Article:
Ono: I was obviously joking, but it’s those parts of interviews that seem to just take on a life of their own (laughs).
Interviewer: (laughs) I was wondering if Akuma’s appearance used resources from the development of Tekken X Street Fighter.
Harada: Ah, that’s not the case for Akuma. SFxT had a bigger impact on newer fans than fans of the respective parent games. But if I were to have Akuma in a serious fight, a battle that Tekken and Street Fighter fans want to see, then I thought “I can’t have it happen in a spinoff.” For Street Fighter and Tekken to truly face off, I needed the appropriate structure, and because there’s a lot of focus and attention paid to Tekken’s story, I wanted to incorporate it there. Tekken 7’s Kazumi Mishima was actually created in 1995, although at that stage all we had was her name with Heihachi’s under the aiaigasa1, and we picked up that plot point 20 years later. Although to be honest, the aiaigasa was something the designer at the time just felt like putting in (laughs). One of the links to this backstory was that in the past, Kazumi Mishima had some sort of connection to a mysterious man. And thus, there was a part of Akuma’s story that hadn’t been told even in Street Fighter.
1. The aiaigasa is a symbol that shows love between two people, you may have seen it in a manga or something. Two names are written “under the umbrella,” showing that those two people are in love. It appeared in Tekken 2, and then later in the intro video for Tekken 7.
An intense battle unfurls
Ono: Wait, wait. Mr. Harada is saying it in his way, but really, we were at a bar and you definitely said “Street Fighter almost doesn’t really have a story, so it’s fine.” (laughs)
Harada: He says there’s a reason behind everything (laughs). On the Tekken team, we play all sorts of fighting games, and Street Fighter is so popular we even enacted a company-wide ban on it at one point. We just simply love Street Fighter. But, because we love it, we just can’t tolerate the haphazardness of its story (laughs).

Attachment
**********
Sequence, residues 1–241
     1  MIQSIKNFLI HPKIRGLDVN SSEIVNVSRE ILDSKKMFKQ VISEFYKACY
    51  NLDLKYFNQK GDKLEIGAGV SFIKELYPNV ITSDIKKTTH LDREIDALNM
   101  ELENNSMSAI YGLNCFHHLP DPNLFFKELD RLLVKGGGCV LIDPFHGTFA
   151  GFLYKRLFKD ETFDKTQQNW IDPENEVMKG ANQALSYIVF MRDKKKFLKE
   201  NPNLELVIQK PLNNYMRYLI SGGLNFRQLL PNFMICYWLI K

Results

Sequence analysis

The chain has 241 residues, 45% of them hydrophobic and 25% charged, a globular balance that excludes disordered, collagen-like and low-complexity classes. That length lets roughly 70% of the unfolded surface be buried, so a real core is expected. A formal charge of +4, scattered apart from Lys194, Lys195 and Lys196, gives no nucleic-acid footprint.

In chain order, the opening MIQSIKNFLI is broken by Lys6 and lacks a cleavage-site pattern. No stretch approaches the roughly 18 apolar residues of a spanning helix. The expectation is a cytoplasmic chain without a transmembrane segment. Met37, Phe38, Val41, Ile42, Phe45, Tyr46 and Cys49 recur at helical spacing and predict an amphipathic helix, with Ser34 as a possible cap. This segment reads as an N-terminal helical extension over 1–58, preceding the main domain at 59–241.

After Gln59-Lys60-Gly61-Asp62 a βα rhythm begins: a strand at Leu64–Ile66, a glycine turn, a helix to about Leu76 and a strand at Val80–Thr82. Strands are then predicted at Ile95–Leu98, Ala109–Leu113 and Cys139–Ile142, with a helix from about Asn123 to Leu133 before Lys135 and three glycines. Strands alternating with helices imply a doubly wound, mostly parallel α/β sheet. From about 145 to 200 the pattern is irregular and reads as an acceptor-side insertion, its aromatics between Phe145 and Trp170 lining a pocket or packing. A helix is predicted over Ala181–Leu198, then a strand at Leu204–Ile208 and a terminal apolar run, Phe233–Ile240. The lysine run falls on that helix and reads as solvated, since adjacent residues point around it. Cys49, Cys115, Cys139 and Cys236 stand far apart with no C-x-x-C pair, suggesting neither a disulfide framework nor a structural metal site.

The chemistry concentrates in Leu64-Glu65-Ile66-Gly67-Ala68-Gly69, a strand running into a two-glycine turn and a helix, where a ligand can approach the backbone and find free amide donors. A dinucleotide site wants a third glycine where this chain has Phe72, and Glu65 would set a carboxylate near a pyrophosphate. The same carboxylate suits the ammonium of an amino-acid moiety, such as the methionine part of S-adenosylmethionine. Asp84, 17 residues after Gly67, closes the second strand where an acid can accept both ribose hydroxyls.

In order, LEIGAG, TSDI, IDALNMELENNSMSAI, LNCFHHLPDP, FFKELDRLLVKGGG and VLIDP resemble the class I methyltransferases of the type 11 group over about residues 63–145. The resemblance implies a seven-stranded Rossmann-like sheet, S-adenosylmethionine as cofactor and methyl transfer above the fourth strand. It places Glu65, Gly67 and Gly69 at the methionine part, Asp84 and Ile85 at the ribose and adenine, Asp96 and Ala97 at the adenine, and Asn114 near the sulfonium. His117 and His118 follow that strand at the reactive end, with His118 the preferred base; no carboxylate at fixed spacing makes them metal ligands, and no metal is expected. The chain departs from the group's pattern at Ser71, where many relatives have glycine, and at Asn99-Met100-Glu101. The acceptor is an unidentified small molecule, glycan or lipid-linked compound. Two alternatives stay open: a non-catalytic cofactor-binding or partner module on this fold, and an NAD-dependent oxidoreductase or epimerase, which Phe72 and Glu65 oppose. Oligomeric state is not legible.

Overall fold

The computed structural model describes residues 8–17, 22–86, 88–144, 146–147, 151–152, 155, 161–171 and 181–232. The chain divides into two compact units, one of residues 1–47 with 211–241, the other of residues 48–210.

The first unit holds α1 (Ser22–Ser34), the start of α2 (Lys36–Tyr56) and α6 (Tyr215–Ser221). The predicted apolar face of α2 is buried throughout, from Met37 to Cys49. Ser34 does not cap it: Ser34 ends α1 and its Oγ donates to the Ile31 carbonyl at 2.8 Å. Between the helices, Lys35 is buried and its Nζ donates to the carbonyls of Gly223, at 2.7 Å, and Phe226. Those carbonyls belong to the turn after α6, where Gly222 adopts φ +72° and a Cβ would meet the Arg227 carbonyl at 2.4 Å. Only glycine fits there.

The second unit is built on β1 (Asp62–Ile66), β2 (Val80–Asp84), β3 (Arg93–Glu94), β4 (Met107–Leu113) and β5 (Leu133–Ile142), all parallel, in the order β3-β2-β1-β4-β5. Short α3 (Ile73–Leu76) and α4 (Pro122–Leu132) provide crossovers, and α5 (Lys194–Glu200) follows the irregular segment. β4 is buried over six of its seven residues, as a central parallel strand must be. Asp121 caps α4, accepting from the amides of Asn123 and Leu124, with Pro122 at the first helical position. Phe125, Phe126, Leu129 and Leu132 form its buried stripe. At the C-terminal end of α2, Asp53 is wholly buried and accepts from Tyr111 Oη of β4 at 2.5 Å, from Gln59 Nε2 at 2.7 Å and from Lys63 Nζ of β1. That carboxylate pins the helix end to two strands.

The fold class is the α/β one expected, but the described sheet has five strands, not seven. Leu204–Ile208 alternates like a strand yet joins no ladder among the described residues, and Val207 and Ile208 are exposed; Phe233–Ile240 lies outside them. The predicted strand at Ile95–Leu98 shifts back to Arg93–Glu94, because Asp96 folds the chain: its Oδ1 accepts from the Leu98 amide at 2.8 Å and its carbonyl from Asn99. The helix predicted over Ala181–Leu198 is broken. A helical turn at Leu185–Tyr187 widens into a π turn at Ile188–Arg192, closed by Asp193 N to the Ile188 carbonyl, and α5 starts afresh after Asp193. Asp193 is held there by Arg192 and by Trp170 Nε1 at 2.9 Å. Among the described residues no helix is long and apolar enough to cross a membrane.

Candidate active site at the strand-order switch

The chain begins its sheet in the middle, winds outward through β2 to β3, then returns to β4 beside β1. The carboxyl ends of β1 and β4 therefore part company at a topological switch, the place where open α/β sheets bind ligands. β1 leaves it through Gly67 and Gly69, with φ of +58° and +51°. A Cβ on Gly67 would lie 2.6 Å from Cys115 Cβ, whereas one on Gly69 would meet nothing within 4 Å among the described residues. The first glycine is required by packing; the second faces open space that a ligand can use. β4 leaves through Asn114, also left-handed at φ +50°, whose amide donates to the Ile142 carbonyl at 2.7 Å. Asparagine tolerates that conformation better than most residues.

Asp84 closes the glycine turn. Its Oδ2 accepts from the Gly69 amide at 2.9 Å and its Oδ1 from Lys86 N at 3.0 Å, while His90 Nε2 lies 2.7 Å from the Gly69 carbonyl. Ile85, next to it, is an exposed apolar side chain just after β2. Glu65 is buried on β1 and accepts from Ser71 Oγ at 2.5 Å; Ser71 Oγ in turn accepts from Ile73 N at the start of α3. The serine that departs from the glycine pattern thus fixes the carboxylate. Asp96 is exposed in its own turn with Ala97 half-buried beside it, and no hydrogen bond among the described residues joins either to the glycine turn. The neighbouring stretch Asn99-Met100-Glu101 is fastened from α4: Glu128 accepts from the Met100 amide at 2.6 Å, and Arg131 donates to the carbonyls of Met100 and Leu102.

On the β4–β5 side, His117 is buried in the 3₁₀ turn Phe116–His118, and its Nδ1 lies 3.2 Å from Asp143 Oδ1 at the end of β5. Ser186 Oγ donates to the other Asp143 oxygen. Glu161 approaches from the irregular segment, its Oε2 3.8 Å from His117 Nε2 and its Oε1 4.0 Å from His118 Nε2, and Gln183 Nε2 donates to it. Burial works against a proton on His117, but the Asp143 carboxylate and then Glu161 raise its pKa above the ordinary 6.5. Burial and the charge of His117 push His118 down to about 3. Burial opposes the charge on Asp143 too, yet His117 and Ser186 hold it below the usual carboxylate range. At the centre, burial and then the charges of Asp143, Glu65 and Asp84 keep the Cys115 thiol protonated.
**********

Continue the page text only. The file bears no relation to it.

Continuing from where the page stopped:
Ono: Aah (laughs bitterly)
Harada: For example, the story of Ryu and Ken’s master, Gouken. He was killed by Akuma, and I thought that was a very intense story, but he’s back in SFIV, and I wondered “Why!? How!?” And it turns out, “he was just sleeping.” Are you kidding me? (laughs) There had to be another way to do it. I’m sure there will be people out there who see Akuma getting involved in Tekken’s story and think, “Why would you do that?” but for me, Street Fighter is the root of all fighting games, and I think having a point of connection to that is wonderful. I don’t think the shock of seeing Akuma in Tekken is something you experience often. We didn’t want Akuma to simply be a “guest character.” He should be a full-fledged “enemy.” In the same way that every character in Tekken has a burden to bear, we wanted Akuma have some sort of absolute reason to fight. That’s why I wanted to show Akuma’s cool side, the parts that you wouldn’t be able to show off in Street Fighter. The development team, we’re all fans of the original, so we made it with the feelings of “this is what would if we tried to seriously make something in the world of Street Fighter. Akuma’s trailer was cool, wasn’t it?
Ono: It was super cool! Akuma’s appearance is something we just had to wait and wait and wait on. And I thought, “Oh, you introduced him this way.” But, let me say one thing. We’re putting a lot of effort into SFV’s story. In a Street Fighter way (laughs).